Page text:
Kurushetra Dham


Kurushetra Dham

This Holy place Kurukshetra is the place where the great battle of the Mahabharata was fought and it’s the place where Lord Krishna spoke the Bhagavad-Gita.

Kurukshetra lies about one hundred miles north of New Delhi, Kurukshetra, located in the state of Haryana, is a four-hour train or car ride from Delhi. It’s on main highway.

Kurukshetra has also played a dominant role in the history and culture of ancient India for thousands of years before the battle of Mahabharata. Kurukshetra’s religious importance is described in many scriptures, including the Bhagavad-Gita, the Mahabharata, and various Upanishads and Puranas.

The first verse of the Gita refers to Kurukshetra as dharma-kshetra, or “the field of dharma,” indicating that it was already known as a holy place. Kurukshetra is one of those holy places that have borne the imprint of Lord Sri Krishna’s footsteps. Indian government has named the state as ‘Haryana’ which in local language means: ‘Hari ka aana’ (Lord Hari came here).

Kurukshetra was formerly known as Brahmakshetra, Bhrughukshetra, Aryavarta, and Samanta Panchaka. It became known as Kurukshetra because of the work of King Kuru, an ancestor of mighty Pandavas.

The Mahabharata tells of how King Kuru made the land a great center of spiritual culture. King Kuru went there on a golden chariot and used the chariot’s gold to make a plow. He then borrowed Lord Shiva’s bull and Yamaraja’s buffalo and started plowing. When Indra arrived and asked Kuru what he was doing, Kuru replied that he was preparing the land for growing the eight religious virtues: truth, yoga, kindness, purity, charity, forgiveness, austerity, and celibacy. Indra asked him to where he would get the seed of these virtues. King replied that the seed was in his possession. At this Indra laughed and went away.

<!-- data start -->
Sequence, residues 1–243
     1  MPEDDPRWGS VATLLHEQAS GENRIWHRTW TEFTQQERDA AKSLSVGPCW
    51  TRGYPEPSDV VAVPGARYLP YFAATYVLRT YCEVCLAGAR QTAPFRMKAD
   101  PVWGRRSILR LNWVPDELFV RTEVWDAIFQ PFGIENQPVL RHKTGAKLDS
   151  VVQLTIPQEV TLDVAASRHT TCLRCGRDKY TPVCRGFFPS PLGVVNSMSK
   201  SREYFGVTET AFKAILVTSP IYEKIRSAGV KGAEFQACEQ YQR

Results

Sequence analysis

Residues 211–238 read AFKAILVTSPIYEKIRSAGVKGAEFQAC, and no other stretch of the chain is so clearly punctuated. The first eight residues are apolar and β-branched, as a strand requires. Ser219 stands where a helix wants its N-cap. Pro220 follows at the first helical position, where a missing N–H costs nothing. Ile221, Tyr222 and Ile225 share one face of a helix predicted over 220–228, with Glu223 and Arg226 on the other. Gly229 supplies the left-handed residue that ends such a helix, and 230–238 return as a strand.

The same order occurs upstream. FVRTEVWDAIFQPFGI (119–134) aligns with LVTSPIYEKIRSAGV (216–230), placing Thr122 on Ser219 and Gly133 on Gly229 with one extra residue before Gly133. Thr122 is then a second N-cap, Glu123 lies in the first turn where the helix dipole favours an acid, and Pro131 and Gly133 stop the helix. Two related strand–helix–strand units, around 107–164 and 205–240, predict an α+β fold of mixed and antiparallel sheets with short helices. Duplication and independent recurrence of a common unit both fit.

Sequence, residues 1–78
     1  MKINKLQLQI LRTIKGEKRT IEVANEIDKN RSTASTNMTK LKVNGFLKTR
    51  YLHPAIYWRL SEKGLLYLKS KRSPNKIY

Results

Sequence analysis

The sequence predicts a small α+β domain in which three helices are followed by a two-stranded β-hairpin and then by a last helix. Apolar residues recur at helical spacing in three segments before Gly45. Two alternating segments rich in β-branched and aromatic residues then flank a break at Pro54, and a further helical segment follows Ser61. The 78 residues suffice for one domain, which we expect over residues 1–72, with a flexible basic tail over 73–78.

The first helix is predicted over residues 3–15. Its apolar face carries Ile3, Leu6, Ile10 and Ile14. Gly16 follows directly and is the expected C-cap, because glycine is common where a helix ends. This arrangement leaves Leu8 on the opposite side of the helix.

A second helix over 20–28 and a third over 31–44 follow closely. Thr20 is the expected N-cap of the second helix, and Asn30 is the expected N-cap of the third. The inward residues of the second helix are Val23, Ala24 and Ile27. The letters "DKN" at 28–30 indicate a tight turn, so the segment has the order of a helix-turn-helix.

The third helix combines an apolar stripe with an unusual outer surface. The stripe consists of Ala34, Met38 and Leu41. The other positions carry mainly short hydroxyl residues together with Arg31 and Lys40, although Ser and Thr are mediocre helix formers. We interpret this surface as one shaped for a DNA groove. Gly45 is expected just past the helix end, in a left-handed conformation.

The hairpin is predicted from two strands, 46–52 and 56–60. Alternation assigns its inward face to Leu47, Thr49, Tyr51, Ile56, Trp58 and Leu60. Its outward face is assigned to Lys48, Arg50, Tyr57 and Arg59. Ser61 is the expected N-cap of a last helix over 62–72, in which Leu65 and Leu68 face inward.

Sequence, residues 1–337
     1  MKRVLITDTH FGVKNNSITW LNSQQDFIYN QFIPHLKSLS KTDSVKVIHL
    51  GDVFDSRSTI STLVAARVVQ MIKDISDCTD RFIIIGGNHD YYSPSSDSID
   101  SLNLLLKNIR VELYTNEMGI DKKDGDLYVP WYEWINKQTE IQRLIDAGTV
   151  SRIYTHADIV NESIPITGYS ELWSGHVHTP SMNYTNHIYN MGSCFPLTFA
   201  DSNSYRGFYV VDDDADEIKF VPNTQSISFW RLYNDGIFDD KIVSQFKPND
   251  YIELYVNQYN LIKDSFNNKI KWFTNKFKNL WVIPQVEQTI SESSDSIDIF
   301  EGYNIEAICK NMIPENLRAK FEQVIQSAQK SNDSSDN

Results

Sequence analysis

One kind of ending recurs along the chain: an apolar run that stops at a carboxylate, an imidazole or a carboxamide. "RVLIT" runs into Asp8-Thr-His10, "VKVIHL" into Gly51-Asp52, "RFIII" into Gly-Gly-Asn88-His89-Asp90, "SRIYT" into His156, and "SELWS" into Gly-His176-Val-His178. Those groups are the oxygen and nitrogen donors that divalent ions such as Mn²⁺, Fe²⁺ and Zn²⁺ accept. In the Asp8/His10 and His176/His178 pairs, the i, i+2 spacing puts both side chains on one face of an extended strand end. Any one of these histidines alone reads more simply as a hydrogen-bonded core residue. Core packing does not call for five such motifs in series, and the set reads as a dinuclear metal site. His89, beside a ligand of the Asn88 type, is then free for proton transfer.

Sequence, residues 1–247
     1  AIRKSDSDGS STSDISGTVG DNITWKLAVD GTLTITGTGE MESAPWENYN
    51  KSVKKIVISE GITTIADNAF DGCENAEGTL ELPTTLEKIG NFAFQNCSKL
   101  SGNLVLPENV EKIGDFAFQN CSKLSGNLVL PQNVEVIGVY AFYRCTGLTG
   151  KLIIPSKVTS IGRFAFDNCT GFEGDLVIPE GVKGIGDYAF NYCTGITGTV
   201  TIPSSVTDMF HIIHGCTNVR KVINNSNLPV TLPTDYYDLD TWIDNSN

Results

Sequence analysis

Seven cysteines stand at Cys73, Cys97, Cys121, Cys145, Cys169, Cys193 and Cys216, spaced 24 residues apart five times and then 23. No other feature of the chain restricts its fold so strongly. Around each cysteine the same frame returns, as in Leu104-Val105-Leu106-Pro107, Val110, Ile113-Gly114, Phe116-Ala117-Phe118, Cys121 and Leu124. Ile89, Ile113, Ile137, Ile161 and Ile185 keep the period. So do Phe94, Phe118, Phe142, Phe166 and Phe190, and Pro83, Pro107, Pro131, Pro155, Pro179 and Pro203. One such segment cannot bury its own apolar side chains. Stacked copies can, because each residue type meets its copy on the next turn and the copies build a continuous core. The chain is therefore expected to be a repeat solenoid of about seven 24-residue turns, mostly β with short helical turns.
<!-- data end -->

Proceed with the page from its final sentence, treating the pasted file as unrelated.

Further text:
Undaunted, Kuru performed great penance and continued to plow. After the king had cultivated land for several days, Lord Vishnu appeared before him and asked as to what he was doing? King replied in the same manner as he had done when questioned by Indra. Vishnu asked Kuru to give Him the seed and that He would sow it for him. At this Kuru put forward his right arm and the same was cut into 1000 pieces with the Chakra of Vishnu and sown in the field. King Kuru then offered his left arm, his 2 legs and then his head to Lord Vishnu for sowing. This act of Kuru pleased Vishnu very much and Indra also appeared at this stage and told that he was very much pleased with his sacrifice and told him to ask for any boon from him. Kuru there-upon begged of him 2 boons: one, that this land would forever remain a holy land named after himself, and the other, that anyone dying here would get entry to heaven irrespective of his sins or virtues. Being thus blessed both by Lord Vishnu and Lord Indra however, other demigods expressed doubts. They said that death without sacrifice did not merit a place in heaven. Finally, Kuru and Indra arrived at a compromise: Indra would admit into heaven anyone who died there while fighting or performing penance. So Kurukshetra became both a battlefield and a land of piety. Thus King Kuru with wealth of his state and his austerities established at Kurukshetra an extensive institution of spiritual culture for humanity as a whole.

Sripad Madhavacharya, a great Vaishnava Acharya, who is also the third son of Vayu (after Hanuman and Bhima) visited here around 1250 AD. During his visit he dug-up a certain piece of land in Kurukshetra and found the mace (club/gadaa) used by Bhima on the battle of Kurukshetra. Later after showing this to his disciples he again kept back the gada to the place where Bhima originally kept it after the battle.

The Vamana Purana says that nine sacred rivers and seven sacred forests exist in the region.